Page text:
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'Break down and you're a sitting duck': Drivers warned over 'extremely dangerous' smart motorway outage this weekend
27 January 2023, 08:25 | Updated: 27 January 2023, 08:31
An "extremely dangerous" smart motorway outage that campaigners say puts drivers at risk is due this weekend as National Highways was accused of playing "Russian roulette" with people's lives.
The Dynac system, which controls overhead gantries and signs on most smart motorways, will be suspended on Saturday from 10:30pm into the early hours of Sunday morning, LBC has learned.
The last time this happened was in October due to a "glitch", and lasted for 7 hours.
The planned outage is due to a need from the National Highways to reset the technology used on smart motorways.
While this work takes place, many signs and signals cannot be updated across most of the UK, including Yorkshire, the North East, North West, Midlands and South West regions.
This means staff at National Highways will be unable to activate signs and signals supposed to warn drivers within 20 seconds of a vehicle breaking down in a live lane.
Crucially, no one has been told about this planned outage - LBC approached National Highways which confirmed it was "not aware" if the outage had been publicised.
LBC's Henry Riley reports on anticipated Smart motorway outages
Claire Mercer, from Smart Motorways Kill, told LBC "frontline staff are absolutely terrified".
Mercer, who lost her husband Jason on a smart motorway stretch of the M1 in June 2019, said: "This technology is not up to the job, it shouldn't be replacing a tangible, physical hard shoulder… technology can never replace a hard shoulder."
LBC has been speaking with a whistleblower who works for National Highways who said the outage this weekend is "extremely dangerous". They added: "We can't keep everyone safe… if people break down they will be sitting ducks."
Nick Ferrari reacts to planned Smart Motorway shutdown this weekend - 'I'd use the A-roads'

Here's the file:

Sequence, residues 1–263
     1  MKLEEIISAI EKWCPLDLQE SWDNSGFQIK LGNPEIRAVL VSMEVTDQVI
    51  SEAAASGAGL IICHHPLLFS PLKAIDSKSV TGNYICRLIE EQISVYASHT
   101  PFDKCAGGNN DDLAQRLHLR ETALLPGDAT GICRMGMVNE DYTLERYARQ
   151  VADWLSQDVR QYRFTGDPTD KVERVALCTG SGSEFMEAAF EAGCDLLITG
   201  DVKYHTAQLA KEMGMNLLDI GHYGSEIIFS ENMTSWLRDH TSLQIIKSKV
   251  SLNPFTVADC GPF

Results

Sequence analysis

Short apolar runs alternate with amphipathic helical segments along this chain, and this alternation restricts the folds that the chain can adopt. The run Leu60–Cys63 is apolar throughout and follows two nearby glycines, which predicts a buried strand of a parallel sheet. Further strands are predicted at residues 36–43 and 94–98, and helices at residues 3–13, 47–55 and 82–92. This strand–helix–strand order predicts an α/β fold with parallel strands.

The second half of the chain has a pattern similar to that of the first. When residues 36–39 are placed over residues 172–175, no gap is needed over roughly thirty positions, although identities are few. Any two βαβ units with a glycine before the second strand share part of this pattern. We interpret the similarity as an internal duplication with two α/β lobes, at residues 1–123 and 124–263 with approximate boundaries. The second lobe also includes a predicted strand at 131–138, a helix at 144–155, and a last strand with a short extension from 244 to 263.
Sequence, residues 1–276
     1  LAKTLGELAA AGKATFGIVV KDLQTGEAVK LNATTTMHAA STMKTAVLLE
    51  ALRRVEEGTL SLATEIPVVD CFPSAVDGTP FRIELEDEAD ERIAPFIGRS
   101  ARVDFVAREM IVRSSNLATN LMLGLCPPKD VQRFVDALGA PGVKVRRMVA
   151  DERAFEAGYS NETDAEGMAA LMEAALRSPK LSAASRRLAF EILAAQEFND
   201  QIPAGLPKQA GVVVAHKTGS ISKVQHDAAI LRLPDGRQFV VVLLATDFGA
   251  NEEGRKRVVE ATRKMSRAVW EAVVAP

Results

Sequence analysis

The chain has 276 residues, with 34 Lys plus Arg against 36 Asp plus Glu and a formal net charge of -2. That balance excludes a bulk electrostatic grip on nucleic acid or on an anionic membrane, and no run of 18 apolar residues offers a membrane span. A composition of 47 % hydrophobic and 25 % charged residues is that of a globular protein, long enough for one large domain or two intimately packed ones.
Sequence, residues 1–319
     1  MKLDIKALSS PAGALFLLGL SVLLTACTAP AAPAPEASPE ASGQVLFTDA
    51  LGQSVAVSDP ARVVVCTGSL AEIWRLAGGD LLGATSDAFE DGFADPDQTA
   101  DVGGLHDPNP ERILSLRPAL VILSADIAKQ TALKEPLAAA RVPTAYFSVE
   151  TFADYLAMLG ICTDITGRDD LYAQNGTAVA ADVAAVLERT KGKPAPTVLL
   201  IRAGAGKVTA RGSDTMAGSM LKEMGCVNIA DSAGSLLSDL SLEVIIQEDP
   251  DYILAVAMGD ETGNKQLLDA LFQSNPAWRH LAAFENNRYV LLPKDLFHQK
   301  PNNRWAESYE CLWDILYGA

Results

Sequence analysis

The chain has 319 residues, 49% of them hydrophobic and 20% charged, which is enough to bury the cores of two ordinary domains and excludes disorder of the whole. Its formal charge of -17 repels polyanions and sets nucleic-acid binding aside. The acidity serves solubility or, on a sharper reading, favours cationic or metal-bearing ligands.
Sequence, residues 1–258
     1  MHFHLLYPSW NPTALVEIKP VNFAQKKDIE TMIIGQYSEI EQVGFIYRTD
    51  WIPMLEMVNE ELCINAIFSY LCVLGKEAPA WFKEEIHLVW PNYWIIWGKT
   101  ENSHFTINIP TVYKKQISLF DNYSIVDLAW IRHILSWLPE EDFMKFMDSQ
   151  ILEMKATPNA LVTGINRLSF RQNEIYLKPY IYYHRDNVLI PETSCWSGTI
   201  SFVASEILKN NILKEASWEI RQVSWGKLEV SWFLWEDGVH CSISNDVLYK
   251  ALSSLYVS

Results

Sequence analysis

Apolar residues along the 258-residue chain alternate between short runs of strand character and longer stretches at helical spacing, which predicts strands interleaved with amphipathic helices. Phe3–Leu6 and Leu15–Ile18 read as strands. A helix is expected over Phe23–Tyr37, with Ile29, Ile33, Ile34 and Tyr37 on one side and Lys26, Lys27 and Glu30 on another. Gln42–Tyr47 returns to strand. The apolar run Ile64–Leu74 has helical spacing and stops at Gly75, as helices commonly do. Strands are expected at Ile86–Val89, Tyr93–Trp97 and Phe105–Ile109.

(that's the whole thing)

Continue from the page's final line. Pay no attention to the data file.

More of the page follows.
The whistle-blower told LBC staff at the organisation were "terrified", and said that National Highways was "playing Russian roulette" with peoples lives.
Andrew Page-Dove, operational control director at National Highways, told LBC: "We have engineering work planned overnight on Saturday 28 January, which will involve a temporary outage of our traffic management system lasting three hours.
"We take steps to limit any impact on drivers by carrying out the work overnight and at the weekend when traffic levels are at their lightest, with increased patrolling by our traffic officers, pre-positioned vehicle recovery and active monitoring of CCTV."
While this work is taking place, LBC has learned that National Highways expects thousands of people to be travelling on "hundreds of miles of smart motorways".
The source, who worked during the last smart motorway outage in October, described it as "chaos" - saying signs and signals "take on a life of their own" and display completely random, incorrect information including false information on speed limits.
The toll of smart motorways is also seemingly taking a toll on many National Highway workers.
They told LBC: "I shouldn't have to come into work every day and bite my nails hoping someone doesn't die… my mental health is shot to bits."
The source also suggested there was a "like minded community" within the organisation that was now continuing to raise concerns with the company's hierarchy.
The whistleblower also said they've seen colleagues resign "for the sake of their mental health", some current staff "are on sick leave due to stress" and that one colleague has been vomiting at work due to the stress.
In response, National Highways told LBC that "We do have some sickness absence linked to mental ill health including stress" and that everyone has 24-hour access to the Employee Assistance Programme, including trauma support and counselling.